Mark Pascoe, Electoral Guidance Manager at the Commission, recently went to Ukraine to observe the early parliamentary election. He visited in a personal capacity and has written about his experiences while there.
After visiting North Macedonia last year, I have recently returned from another mission – this time to Ukraine to observe the early parliamentary election on 21 July. I was again with the Organisation for Security and Co-operation in Europe (OSCE) as a Short Term Observer (STO).
In April this year Volodymyr Zelensky was elected president of Ukraine on an anti-corruption ticket, beating the incumbent Petro Poroshenko in a second run off with over 73% of the vote. Previous elections in Ukraine have always seen a clear east-west split in the vote, but Zelensky was the clear victor in all but one of the country’s administrative regions in what was a strong vote for change.
Zelensky is new to politics but had previously created and starred in a popular TV show in which he plays a history teacher who unexpectedly becomes…the president of Ukraine.
Having taken up the position but with no support in parliament, Zelensky called for early parliamentary elections with a view to getting his political party ‘Servant of the People’, which incidentally is named after the TV show, some seats and himself some support.
Ukraine’s parliament, the Verkhovna Rada, comprises 450 seats. Half are elected through national party lists using proportional representation, with a 5% threshold required for a party to be allocated seats. The other half are elected to represent single-member constituencies using first-past-the-post. Again, owing to the war in the east of the country, the constituency elections do not take place in 26 of these constituencies, with the seats remaining vacant.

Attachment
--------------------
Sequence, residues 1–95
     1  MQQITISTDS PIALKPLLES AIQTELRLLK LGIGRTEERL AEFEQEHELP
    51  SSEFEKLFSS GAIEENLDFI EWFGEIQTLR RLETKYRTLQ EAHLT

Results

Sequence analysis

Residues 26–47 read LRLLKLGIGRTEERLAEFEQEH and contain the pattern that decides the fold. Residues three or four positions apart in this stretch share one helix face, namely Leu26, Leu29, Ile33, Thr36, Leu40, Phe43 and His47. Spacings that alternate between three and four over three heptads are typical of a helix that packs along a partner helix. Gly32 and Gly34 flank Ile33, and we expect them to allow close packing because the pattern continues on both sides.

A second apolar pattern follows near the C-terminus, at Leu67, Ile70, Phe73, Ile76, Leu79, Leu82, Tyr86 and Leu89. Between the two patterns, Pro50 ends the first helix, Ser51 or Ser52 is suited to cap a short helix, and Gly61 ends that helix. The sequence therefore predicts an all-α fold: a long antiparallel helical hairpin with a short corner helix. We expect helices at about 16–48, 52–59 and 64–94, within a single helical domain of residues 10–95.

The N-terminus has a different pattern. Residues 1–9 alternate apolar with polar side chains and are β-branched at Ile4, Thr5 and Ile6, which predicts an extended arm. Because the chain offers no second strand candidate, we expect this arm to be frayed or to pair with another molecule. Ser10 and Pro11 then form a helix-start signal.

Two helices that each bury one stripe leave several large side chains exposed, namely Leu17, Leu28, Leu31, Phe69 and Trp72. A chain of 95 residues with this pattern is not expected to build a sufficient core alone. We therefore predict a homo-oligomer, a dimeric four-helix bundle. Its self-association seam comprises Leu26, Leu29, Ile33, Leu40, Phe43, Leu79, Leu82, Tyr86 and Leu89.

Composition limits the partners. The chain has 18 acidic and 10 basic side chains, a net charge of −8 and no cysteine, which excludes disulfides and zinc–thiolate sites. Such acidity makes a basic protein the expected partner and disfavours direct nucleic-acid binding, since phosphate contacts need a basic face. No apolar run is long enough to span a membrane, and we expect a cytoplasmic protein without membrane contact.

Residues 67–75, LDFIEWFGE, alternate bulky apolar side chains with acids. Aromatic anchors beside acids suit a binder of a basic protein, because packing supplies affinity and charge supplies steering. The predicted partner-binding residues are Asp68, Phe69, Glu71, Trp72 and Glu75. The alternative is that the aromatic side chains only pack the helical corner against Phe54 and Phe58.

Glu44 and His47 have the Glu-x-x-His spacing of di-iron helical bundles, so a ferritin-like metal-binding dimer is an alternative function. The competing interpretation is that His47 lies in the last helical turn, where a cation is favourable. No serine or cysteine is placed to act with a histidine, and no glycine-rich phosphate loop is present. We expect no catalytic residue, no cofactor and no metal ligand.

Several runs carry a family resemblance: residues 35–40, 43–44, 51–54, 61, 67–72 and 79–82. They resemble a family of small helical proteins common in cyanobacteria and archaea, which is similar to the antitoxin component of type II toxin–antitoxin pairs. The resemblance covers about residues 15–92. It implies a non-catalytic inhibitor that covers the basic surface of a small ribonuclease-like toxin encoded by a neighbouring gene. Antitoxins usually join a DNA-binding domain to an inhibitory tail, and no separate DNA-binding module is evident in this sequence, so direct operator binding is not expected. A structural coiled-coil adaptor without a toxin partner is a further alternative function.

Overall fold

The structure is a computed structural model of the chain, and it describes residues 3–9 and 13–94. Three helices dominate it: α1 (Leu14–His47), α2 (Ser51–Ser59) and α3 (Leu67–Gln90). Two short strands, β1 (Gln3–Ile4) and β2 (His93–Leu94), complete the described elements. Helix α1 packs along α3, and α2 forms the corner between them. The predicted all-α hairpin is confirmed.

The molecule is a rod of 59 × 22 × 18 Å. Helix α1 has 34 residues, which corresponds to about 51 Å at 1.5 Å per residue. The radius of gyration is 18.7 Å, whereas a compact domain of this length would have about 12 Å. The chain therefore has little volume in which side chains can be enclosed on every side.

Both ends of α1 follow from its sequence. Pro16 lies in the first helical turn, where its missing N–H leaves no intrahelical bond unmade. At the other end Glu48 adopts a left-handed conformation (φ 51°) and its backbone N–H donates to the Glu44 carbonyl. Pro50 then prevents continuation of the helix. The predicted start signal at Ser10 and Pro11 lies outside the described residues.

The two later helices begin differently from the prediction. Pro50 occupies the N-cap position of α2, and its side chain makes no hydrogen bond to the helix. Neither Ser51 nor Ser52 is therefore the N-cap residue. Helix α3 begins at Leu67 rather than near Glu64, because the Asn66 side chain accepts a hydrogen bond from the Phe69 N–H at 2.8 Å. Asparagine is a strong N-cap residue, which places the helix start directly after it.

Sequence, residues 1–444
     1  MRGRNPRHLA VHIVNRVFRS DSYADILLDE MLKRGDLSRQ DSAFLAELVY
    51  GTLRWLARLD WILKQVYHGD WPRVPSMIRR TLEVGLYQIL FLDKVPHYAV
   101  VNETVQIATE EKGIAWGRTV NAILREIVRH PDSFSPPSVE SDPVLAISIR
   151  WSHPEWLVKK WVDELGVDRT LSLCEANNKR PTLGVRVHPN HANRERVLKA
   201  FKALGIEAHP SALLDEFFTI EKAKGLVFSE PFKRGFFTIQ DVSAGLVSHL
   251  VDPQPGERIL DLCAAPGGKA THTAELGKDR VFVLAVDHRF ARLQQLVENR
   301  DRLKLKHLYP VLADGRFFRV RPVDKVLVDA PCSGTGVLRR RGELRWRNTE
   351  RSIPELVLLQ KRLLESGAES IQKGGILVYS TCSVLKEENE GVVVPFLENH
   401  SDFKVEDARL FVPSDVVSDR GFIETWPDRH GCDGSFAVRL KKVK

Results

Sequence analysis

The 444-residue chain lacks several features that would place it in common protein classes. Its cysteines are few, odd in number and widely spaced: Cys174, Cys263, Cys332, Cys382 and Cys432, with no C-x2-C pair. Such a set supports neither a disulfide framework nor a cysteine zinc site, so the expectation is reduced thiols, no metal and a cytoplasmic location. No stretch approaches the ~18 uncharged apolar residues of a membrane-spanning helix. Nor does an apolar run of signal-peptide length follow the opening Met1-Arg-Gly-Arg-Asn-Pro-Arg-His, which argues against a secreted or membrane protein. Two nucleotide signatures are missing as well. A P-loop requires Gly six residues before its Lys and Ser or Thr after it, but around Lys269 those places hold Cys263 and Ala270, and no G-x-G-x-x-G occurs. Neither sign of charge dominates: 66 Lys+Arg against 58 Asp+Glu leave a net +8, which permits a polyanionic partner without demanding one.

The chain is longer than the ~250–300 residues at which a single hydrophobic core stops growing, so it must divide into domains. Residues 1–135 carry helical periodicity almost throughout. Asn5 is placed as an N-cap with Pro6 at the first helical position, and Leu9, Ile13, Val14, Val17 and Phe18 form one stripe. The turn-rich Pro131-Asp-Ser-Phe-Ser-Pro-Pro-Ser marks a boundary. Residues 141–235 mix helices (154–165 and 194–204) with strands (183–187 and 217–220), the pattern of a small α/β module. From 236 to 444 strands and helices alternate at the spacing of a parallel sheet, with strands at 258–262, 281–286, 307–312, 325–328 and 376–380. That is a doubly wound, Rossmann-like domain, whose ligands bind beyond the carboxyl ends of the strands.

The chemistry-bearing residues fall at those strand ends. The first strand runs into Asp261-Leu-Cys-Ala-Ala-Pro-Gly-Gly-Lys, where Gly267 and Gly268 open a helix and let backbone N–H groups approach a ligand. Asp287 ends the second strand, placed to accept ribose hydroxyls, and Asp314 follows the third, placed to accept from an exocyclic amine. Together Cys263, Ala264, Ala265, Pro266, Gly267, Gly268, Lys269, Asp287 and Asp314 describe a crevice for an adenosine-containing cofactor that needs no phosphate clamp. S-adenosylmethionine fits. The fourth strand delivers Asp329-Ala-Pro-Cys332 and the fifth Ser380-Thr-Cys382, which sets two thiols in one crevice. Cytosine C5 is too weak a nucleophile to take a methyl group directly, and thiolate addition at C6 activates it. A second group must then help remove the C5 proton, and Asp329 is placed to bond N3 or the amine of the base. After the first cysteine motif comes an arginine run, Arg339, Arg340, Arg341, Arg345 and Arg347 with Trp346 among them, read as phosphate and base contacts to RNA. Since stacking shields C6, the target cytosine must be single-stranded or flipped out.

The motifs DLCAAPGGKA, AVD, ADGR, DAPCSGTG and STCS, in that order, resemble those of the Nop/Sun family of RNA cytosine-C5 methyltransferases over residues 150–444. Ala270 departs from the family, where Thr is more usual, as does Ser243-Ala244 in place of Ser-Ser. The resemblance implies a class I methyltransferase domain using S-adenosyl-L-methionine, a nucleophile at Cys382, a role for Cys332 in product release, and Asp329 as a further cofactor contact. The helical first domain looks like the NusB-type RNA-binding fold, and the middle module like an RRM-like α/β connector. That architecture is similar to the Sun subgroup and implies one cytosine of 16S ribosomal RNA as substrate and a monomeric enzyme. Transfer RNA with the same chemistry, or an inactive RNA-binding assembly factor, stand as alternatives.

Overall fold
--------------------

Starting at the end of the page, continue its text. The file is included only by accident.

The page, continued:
After a day and a half of briefings in Kyiv on the political environment, the legal framework, electoral administration, the media and the campaign, I was deployed to Vinnytsia in the west(ish) of the country. After a local briefing, my STO partner and I were sent on to Yampil, a small town on the banks of the Dniester with a view across to neighbouring Moldova.
Elections in the country are managed by the Central Election Commission (CEC), which for these elections appointed 199 District Election Commissions. 26 DECs were not able to be formed due to the ongoing war in the east of the country, where elections were not held. The DECs oversee the final administrative layer, the Precinct Election Commissions (PECs) typically made up of between 13 and 15 people, which are appointed to administer each polling station of which there were well over 30,000 across the country.
Polling opened at 8am on Sunday but as my partner and I had been designated the night shift, we made a gentle start to the day and reached our first polling station an hour or so later.
We had two ballot papers to look out for and with over twenty parties competing nationally, they were similar in length to some of the recent European parliamentary ballot papers we saw here in May.
Throughout the day we visited half a dozen different polling stations across our designated region. It being rural in nature, we visited small villages and like in the UK, polling stations were in schools or village halls. Huge posters detailing the candidates (for the constituency) and the party lists dominated the entrances and we noticed that many electors took their time to read up on them prior to voting.